Frequently Asked Questions
How much herbicide do I put in my sprayer?
The mix amount is dependent on your spray volume and your application rate. Therefore, this question cannot be answered until we know the volume that is being applied with your particular sprayer in gallons per acre (GPA). The following step-by-step procedure will allow you to calibrate your spray volume. See 'How do I calibrate my spray equipment' below.
How do I calibrate my equipment?
All equipment must be calibrated in order to accurately and safely apply herbicide.
The University of Wyoming has created a great hand-out for calibrating any equipment with a handgun : Univ. of WY 1/128 Method of Calibration; Sheridan County Weed and Pest created an excel sheet to aid in the calculations: Calibration Worksheet
For equipment with a handgun please watch this how-to video: Handgun Calibration
For larger equipment with a boom sprayer please watch this how-to video: ATV Boom Calibration
How do I clean my equipment?
Rinse and flush equipment after use.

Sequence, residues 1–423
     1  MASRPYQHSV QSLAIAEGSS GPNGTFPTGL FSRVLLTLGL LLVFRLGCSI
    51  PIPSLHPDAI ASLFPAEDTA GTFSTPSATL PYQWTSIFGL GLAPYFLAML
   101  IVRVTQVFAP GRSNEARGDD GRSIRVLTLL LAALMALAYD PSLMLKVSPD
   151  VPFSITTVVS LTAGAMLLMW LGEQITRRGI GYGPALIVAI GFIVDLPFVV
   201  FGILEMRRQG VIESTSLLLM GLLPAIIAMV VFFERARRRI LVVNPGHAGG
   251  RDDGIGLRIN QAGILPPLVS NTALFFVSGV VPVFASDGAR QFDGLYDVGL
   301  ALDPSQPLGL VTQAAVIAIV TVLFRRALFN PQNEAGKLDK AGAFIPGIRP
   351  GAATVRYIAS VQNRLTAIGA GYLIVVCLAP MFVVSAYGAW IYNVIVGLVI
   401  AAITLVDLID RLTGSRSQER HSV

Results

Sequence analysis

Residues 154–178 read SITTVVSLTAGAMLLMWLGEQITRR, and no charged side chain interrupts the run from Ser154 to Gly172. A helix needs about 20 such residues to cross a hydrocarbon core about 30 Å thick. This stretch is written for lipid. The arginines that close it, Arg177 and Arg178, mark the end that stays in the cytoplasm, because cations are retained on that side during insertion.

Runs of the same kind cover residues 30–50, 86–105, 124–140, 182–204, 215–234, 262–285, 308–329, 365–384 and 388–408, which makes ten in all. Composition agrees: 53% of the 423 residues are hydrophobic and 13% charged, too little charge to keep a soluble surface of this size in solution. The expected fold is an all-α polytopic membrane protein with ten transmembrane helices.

Dispose of rinse water away from water supplies.
Rinse a second time adding household ammonia- 2oz/gallon of water.
Circulate through equipment and let stand for several hours.
Flush the solution out of the handgun or boom.
Rinse the system and circulate twice more with water.
How do I clean the empty herbicide container?
All containers must be triple rinsed and recycled. The triple rinse procedure is as follows:
Empty the remaining contents into your application equipment and allow to drain for 10 seconds.
Fill container ¼ full with water and shake with lid tightly secured for 10 seconds.
Empty and drain into equipment.
Repeat two additional times.
Make sure to puncture the container so that is cannot be mistakenly used for anything else.
I don't want to use herbicides. What other options do I have?
The Wyoming Weed and Pest Council promotes Integrated Weed Management (IWM). This approach uses multiple control techniques with the specific goals of; decreasing costs, increasing control, creating synergistic effects, monitoring success, and continued effort.
IWM methods include-
- Cultural control – modifying behaviors to prevent noxious weeds from being introduced and includes; education, prevention, early detection of new invasions, modifying grazing habits, replanting disturbed or previously infested areas with native species, and monitoring successes and failures.
- Physical control – this is the use of physical or mechanical methods to control weed infestations. Physical control can be; mowing, chopping, pulling, cutting, burning, and tilling. Remember to identify what weeds are to be controlled, as some physical control methods can aggravate root spreading perennial weeds! Mechanical Control Video